This question already has an answer here:

I have a file A.hpp as such:

class A
   static std::string s;
   void modify_string();

I am implementing this in a file A.cpp as such:

#include "A.hpp"

void A::modify_string()
s = "something";  // Error here. 

My main class:

int main()
A a;

I understand static variables are shared by all the class instances. I also went through this SO post where it says how to access the static member. Public static member of class . Could you please let me know where my concept is missing at?

Edit: I am getting this error: error: undefined reference to A::s

marked as duplicate by kfsone, NathanOliver c++ Jun 3 '16 at 18:30

This question has been asked before and already has an answer. If those answers do not fully address your question, please ask a new question.

  • 1
    You should always add the error that you receive to the stack overflow post. It will be something like s is undefined. – Fantastic Mr Fox May 31 '16 at 19:01
  • Edited: I have put the error message. – SeasonalShot May 31 '16 at 19:04

When you define:

void modify_string() {
    s = "something";  // Error here. 

You are creating a new function, not defining the member function modify_string of the class A. You need to do:

void A::modify_string() {

To inform the compiler that you are defining the member function modify_string for class A.

You also need a ; after your class definition.

Finally, the variable s is static so it needs to be defined seperatly somewhere so the linker can find a reference to it. So add:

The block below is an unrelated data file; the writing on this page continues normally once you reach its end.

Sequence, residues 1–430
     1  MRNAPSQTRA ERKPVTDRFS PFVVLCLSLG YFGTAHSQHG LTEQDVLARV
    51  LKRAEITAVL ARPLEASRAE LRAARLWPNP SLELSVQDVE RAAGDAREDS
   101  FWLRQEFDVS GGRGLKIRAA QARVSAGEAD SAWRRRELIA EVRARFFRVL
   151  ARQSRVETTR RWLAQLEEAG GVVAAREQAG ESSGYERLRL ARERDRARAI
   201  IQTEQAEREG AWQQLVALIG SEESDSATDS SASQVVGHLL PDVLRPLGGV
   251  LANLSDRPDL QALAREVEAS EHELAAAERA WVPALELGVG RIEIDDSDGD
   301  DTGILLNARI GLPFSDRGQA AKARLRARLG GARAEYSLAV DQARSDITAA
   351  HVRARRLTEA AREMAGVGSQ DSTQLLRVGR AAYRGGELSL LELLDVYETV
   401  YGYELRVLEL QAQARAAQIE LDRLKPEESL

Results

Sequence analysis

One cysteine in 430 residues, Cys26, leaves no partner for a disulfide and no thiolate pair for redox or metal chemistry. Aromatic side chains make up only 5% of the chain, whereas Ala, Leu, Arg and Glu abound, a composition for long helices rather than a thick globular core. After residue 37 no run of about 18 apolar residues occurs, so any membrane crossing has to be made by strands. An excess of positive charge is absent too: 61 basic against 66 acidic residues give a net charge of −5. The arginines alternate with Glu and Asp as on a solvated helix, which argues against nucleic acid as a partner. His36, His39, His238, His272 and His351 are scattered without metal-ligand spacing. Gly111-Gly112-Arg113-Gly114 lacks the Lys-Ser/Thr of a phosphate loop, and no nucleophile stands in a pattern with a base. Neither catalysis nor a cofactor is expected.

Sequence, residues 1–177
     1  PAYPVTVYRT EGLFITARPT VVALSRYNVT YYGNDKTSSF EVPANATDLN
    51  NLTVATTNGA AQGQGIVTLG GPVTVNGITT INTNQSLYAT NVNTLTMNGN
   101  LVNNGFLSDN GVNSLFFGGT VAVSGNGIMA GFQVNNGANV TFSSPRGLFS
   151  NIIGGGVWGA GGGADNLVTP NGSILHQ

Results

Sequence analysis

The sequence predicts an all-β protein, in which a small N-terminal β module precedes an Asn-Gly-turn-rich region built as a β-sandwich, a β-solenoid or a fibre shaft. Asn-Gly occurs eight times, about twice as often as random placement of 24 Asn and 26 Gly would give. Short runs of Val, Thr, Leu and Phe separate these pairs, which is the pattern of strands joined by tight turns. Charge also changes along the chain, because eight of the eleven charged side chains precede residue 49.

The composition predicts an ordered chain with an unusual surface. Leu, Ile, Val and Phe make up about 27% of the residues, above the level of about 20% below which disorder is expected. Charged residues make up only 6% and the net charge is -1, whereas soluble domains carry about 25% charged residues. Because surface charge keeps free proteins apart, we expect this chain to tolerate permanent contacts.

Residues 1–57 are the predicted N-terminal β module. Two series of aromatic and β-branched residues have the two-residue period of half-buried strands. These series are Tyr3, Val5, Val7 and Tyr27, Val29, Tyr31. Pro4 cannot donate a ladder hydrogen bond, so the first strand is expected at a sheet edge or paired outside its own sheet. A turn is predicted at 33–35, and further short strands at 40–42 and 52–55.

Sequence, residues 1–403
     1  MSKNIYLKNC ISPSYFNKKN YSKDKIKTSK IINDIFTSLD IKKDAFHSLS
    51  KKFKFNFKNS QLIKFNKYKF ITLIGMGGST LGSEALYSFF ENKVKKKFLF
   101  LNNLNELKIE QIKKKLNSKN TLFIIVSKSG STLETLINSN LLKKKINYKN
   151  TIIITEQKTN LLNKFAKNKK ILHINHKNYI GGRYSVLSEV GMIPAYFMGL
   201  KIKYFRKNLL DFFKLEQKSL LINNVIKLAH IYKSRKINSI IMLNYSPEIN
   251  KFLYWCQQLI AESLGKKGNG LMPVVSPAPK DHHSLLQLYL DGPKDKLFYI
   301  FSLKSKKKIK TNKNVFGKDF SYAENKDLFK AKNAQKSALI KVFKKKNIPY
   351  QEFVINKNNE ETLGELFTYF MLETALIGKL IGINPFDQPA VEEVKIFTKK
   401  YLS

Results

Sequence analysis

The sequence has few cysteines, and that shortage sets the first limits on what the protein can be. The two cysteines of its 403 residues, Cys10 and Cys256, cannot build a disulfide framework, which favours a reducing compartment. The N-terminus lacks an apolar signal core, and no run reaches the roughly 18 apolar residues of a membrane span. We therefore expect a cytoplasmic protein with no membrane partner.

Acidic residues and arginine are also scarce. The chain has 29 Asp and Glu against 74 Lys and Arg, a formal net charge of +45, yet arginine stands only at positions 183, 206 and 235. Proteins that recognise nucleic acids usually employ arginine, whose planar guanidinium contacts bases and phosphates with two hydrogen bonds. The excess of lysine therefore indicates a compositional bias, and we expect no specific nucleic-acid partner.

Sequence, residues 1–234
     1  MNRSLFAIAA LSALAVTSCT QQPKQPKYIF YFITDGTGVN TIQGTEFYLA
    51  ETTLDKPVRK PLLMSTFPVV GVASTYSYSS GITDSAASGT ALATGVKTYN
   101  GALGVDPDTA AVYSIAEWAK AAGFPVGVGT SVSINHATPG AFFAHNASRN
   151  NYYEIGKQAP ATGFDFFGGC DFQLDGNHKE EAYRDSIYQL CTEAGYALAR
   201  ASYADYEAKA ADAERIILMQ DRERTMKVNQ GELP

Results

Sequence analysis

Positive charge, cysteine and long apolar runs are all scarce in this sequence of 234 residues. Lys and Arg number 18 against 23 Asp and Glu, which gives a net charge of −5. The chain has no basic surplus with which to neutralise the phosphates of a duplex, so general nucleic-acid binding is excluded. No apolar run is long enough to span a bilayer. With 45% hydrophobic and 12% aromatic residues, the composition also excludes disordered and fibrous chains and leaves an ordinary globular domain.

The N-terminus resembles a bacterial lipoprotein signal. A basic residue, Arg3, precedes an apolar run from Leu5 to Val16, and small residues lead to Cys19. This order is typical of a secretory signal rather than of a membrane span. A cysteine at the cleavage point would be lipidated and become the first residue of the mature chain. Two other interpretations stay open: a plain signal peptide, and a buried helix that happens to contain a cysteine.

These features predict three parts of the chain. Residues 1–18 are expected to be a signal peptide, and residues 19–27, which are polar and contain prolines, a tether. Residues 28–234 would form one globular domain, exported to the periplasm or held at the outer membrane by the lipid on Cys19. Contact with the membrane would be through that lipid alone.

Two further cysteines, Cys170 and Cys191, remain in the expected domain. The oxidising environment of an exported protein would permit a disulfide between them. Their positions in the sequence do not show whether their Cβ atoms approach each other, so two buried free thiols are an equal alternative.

std::string A::s = "default";

This was clearly described in the link you provided for your question.

Here is a working example: http://ideone.com/iQ6Kux

  • Yes, i intended to write A::, however i have rectified it in my question now. – SeasonalShot May 31 '16 at 19:03
  • @SeasonalShot I added the rest of the errors for you. – Fantastic Mr Fox May 31 '16 at 19:12
  • I guess i needed to know about declaration of static vs the definition of it. i.e. "declared the static members fine, but not defined them anywhere." is what is says, besides it's not clearly defined in the link i mentioned above, as accepted answer has a link on it which is dead. – SeasonalShot May 31 '16 at 19:23
  • @SeasonalShot The link in the answer is not consequential, the answer is solid without it. – Fantastic Mr Fox May 31 '16 at 20:11
  • After digging through the cache version of the dead link, here's it is dietmar-kuehl.de/mirror/c++-faq/ctors.html#faq-10.12 .This explains it in much detail that is understood at a fundamental level which the author originally intended to be read. The answer in the link provides code snippets, which works but not fully understood. IMHO – SeasonalShot May 31 '16 at 20:26

You need to reserve storage for s in exactly one compilation unit.

Do that by writing

std::string A::s;

In exactly one source file.

  • Yes, i intended to write A::, however i have rectified it in my question now – SeasonalShot May 31 '16 at 19:04
  • Got it, answer rewritten. – Bathsheba May 31 '16 at 19:13
  • Thanks. I think i will write it in the A.cpp constructor. I think all it does is provides the definition. – SeasonalShot May 31 '16 at 19:28
  • Nopes, i cannot write it in a constructor, i need to write it outside the function. – SeasonalShot May 31 '16 at 19:46

Your definition void modify_string() {...} in A.cpp is not defining the member function of the class, it's defining a separate global function with the same name. You probably meant

void A::modify_string()
    s = "something";
  • Yes, i intended to write A::, i have rectified it in my question now – SeasonalShot May 31 '16 at 19:05

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